|BRENDAN COLLINS puts finishing touches to his Degree Show work|
THIS PREVIEW/REVIEW OF THE DJCAD Degree Show 2013 APPEARED IN THE HERALD ARTS SUPPLEMENT ON MAY 18TH
Duncan of Jordanstone College of Art & Design
University of Dundee, 13 Perth Road, Dundee
If you have studied for a degree, you will vividly remember the build-up to the moment when you found out what grading you’d been given.
So when I walked into the splendid new entrance of Dundee’s Duncan of Jordanstone College of Art and Design (DJCAD) a few days ago, and found myself pitched into a gaggle of Fine Art undergraduates receiving their marks, I felt for every one of them.
Later, in one of the college’s many studios pressed into service as temporary exhibition spaces, I met one of their number, Ross Weryk, tweaking his installation, Hospital. This powerful work uses sound, video and sculpture to make a visceral statement about the way in which hospital patients become helpless in the face of medical intervention and pain.
A slightly flushed looking Ross had just heard he’d been gained a first class degree. As we talked and I looked at his work, which even shows film of him having his own blood extracted (talk about a metaphor), I learned that his mother died last year from cancer.
This spurred him on him, he told me, to go deeper than ever into his work and follow up an existing interest in cosmetic surgery.
I can see why he was awarded a first. As the late George Wyllie once said, ‘When you’re genuine with your art, you strike a chord and everything is all right.’
Putting together a degree show is a double-edged sword, and this being a degree show, let me tell you there are at least two swords on display here. One of them, presented by brothers Fraser and Calum Brownlee is deep fried and sitting in a bath of oil, and the other, presented by Dorian Braun and Jack Paton, has a large sign beside declaring, ‘Danger do not touch’.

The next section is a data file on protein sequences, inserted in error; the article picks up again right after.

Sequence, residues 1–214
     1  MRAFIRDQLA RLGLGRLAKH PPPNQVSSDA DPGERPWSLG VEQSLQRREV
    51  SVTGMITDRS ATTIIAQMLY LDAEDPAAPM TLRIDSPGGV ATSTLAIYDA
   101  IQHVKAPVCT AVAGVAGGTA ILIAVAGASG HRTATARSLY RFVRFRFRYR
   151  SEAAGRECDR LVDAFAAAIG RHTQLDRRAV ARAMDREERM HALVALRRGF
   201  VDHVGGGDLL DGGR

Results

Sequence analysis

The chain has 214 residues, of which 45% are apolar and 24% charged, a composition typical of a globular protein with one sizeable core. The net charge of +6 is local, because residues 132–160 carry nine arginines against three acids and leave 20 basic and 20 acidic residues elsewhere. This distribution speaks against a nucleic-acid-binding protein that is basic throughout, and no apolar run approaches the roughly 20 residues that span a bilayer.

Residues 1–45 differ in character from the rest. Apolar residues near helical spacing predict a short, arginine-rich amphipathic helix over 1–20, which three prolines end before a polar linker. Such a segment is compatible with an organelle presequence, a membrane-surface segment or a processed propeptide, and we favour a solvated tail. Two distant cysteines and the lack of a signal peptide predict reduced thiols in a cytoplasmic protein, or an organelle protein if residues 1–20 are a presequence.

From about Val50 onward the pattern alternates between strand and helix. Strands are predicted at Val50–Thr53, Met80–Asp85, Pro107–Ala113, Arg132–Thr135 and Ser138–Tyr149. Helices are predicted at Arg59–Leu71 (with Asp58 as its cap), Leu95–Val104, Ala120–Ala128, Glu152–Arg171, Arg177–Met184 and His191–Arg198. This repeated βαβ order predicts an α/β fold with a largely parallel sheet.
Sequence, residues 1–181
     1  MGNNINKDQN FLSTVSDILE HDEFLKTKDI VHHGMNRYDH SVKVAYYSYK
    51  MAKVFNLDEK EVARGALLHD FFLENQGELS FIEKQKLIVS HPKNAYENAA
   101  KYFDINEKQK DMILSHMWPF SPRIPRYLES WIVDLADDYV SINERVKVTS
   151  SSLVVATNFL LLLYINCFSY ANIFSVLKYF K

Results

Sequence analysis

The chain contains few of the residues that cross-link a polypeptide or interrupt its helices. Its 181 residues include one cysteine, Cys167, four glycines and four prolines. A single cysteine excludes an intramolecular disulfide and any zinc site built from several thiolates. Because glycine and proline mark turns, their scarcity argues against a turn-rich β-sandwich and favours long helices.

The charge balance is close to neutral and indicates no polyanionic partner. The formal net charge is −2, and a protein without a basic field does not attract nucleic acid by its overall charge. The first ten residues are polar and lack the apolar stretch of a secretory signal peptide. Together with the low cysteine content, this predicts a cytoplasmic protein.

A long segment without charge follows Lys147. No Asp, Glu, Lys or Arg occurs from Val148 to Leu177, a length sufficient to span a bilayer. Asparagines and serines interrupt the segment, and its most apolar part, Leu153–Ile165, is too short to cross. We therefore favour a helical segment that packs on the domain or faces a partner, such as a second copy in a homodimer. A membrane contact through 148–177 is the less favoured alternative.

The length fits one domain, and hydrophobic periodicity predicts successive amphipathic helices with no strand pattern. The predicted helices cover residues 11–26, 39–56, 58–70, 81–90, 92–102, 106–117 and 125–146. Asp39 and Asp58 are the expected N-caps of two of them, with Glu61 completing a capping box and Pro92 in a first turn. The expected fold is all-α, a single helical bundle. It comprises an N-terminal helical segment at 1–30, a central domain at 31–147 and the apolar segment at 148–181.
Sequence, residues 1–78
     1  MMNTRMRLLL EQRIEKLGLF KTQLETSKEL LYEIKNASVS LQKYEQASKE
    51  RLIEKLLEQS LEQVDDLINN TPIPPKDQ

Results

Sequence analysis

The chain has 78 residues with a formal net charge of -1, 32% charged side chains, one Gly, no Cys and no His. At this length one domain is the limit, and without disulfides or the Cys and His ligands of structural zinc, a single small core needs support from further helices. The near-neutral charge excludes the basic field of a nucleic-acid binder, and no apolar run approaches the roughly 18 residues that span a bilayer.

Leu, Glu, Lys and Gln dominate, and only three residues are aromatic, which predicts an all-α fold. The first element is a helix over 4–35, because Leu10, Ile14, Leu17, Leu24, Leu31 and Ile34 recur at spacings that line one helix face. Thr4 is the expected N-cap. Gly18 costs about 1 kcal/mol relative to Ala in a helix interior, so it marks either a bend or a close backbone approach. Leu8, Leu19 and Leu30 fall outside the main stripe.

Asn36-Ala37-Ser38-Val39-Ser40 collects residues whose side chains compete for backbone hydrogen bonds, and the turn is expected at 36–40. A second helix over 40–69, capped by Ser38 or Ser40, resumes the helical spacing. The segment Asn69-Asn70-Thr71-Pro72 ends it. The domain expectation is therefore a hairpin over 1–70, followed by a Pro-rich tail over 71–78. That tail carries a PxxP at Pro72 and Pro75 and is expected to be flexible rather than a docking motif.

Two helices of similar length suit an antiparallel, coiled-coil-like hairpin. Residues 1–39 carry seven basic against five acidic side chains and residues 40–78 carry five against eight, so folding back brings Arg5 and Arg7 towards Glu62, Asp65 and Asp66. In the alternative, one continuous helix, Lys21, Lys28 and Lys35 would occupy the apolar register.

These artists-in-waiting have all reached the end of four years of working towards an honours degree, and putting on what for many of them, is their first major exhibition in a public space.
Art careers are often made at degree shows.
Traditionally, they are edgy affairs. Taboo subjects are tackled with youthful gusto (nope, still can’t get the sight of that green member jiggling about in Jacqueline Chua’s video out of my mind, try as I might...) and many have still to learn how to put the old adage of ‘less is more’ into practice.
Dundee’s DJCAD, currently celebrating its 125th anniversary, is traditionally the first degree show to take place each year out of Scotland’s five art schools.
This year, the degree show is called 290°, a nod to the fact Dundee’s largest annual exhibition of art and design will feature the work of 290 final-year students, while an additional exhibition of alumni artwork will be held for the duration of the show.
Students from DJCAD’s 11 undergraduate programmes are all represented here.
It’s tempting to root out themes in a degree show and if there is one, it appears to be about searching for a bridge between tradition and the making of solid things.
Digital technology is used to augment hand-crafted, drawn or painted work, although there is some fine ‘pure painting’ from Allan Davies and Brendan Collins. I also enjoyed the freshness of Jaynie Topping’s landscapes, prints and sculptures, which mix up geology, geography, issues of land ownership and a sense of poetry connected to the land.